Reduce Methane Emissions, Finish your Peas

29 Jan

There is a lot of talk about the amount of methane gas produced by cows. Methane (CH4) is another green house gas (like carbon dioxide) that is released into the atmosphere. Methane is a more potent gas than carbon dioxide.  A lot of people make jokes about cow farts- and its true cow farts do release methane into the environment and all of this is true. However, cows and farting are not the only way in which methane is released.  It is also released into the atmosphere when organic matter decomposes. That means any food products that you don’t finish and they go into a landfill somewhere will lead to the release of methane into the environment. Have you ever noticed those pipes sticking out of landfills- yep that’s why they are there, to prevent gas build up from the organic matter as it breaks down.

Maybe you are not ready to go vegetarian yet, but you do want to help reduce the amount of methane released into the atmosphere. All you have to do, is finish the food on your plate. The EPA has a website that gives visitors “Basic Information about Food Waste,” here are some of the highlights.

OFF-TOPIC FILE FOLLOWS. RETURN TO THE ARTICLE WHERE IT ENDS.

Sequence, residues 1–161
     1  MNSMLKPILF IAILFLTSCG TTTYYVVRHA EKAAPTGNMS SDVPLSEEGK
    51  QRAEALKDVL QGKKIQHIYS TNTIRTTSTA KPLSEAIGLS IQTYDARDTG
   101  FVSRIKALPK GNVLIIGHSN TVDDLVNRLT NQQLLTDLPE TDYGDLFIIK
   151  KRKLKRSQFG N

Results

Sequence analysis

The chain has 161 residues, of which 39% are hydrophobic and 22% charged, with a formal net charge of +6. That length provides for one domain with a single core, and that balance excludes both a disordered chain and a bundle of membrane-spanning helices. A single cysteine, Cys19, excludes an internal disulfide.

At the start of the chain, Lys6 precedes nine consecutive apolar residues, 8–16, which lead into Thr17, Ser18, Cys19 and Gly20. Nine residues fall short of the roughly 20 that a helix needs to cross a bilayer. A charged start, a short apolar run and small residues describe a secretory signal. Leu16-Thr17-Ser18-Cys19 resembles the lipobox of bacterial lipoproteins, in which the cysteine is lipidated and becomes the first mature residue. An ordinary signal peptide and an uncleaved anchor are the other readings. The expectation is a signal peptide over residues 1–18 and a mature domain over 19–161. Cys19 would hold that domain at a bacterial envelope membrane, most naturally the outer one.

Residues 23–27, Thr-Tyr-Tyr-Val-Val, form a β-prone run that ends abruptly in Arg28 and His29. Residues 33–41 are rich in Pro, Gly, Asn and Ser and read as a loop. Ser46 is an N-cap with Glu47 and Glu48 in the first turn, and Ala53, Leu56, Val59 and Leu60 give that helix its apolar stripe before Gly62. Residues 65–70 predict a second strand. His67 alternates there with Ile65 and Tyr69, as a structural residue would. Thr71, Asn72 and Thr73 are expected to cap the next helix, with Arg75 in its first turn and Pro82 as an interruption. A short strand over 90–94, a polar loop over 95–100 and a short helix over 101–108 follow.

• Americans throw away more than 25 percent of the food we prepare, about 96 billion pounds of food waste each year
  • The US spends about one billion dollars a year to dispose of food waste
  • The food industry estimates that 4% to 10% of food purchases become waste before ever reaching a guest
  • In 2008, about 12.7 percent of the total municipal solid waste (MSW) generated in America was food scraps

And these statistics do not include paper and yard trimmings that make up nearly 45% of our MSW.

I am sure we could find a better way to spend the one billion dollars that goes to disposal of food waste. Plus, there are starving people in the world. And as the world population increases we are continually worried about how to feed everyone, maybe the answer is that Americans shouldn’t throw away so much food. And finally, everyone wants their quick and easy ways to save the world – well this is it. Even if you don’t want to build a compost bin or pile to generate a value by-product from the breakdown of this organic matter, you can easily eat the food you make for yourself! That simple task will lead to a reduction in methane and green house gases!

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Posted by on January 29, 2010 in food, sustainability


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